Memories of a wedding in the French Alps
On the first of August of this year, Isabelle and I will celebrate our 25th wedding anniversary. It’s a perfect time to look back on our wedding day in France and relive some very happy memories.
It was a lovely summer day in the little village of Biviers, in the heart of the French Alps. Its proximity to the city of Grenoble has attracted many well-to-do families who are able to drive the 20 minutes to Grenoble for work and shopping. They can also enjoy magnificent views of the Belledonne mountain range and a rural lifestyle.
There are still a few farms in the area, including the dairy farm of the mayor, Monsieur Charpentier. His cows walk past the wooden chalet of Isabelle’s parents twice a day to go for pasture in the nearby field of the Saint-Hughes Convent.
The Belledonne is where Isabelle and I had met a year before. I was back in my hometown, having left it with my parents thirteen years earlier to go to Melbourne. On a hike with the Club Montagne Amitié Soleil which I had just joined, there was a violent storm.
As lightning was falling around us, I had a coup de foudre (stroke of lightning) – a French expression meaning love at first sight. That’s when I saw Isabelle, the love of my life, for the first time.
Families from the six corners of the hexagon, as the French like to call their country, had arrived the previous day. My parents had flown from Melbourne a week before.
The preparations had involved family and friends. My uncle Gérard printed the invitations. The caterer and the supplier of dragées (almonds covered in sugar that are traditionally given to guests at weddings) were acquaintances. Père Louis, who was a friend of Isabelle’s family, agreed to officiate at our wedding.
Isabelle was magnifique in her dress with lace and flowers in her hair. We walked from her house to the mairie where Monsieur Charpentier was waiting for us. His speech was very warm as he knew Isabelle’s family well. I proudly held my livret de famille and noticed that there was room to register eight children – a legacy of our parents’ generation where large families were common.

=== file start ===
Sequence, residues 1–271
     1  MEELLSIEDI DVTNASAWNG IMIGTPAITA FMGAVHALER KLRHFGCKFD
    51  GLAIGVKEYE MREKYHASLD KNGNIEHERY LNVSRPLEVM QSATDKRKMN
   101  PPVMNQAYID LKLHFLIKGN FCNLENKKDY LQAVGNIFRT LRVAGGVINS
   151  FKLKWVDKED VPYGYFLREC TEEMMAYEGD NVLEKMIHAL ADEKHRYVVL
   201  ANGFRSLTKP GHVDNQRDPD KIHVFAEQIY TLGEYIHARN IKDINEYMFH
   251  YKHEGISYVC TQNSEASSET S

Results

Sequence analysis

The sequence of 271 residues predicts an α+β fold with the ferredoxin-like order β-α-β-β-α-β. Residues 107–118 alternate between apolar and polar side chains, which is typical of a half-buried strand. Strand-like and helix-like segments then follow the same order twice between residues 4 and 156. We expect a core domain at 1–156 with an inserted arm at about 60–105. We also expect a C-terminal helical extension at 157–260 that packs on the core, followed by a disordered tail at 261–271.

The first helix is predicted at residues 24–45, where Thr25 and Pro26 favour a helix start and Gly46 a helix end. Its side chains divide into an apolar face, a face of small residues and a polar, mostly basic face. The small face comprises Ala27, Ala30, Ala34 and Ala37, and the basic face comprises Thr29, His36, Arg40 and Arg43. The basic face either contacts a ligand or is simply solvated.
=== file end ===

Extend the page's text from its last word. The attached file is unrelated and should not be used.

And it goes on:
The church was small enough to be intimate yet large enough to accommodate all our friends and family, who congratulated us after the beautiful and moving service that Père Louis had prepared.
A merry cortège of men, women and children walked back to Isabelle’s house. They were happy to be united for such a joyous occasion and were looking forward to the festivities. A very pleasant apéritif in the garden followed.
We had reserved a lovely reception place for dinner and decorated it the day before. A palate cleanser (sorbet or calvados) was served between each dish. We all sang classic songs such as ‘À la claire fontaine’ and amusing ones such as ‘J’entends le lit qui craque’ (‘I hear the bed creaking’).
The dessert was a traditional pièce montée with cream-filled choux and was covered in caramel.
We left before the end to rest after this busy day because we knew what awaited us. After the guests had enjoyed a soupe à l’onion in the early hours of the morning, Isabelle’s brother and their friends came knocking on our door for the traditional chamber pot. It was filled with chocolate and champagne and decorated with toilet paper and we had a drink out of it. It’s a tradition known as la rôtie.
Now we have three children aged 22, 19 and 13 and we are preparing to celebrate our silver anniversary in the smaller but very pretty mountains of the Dandenong ranges.All images by Pascal Inard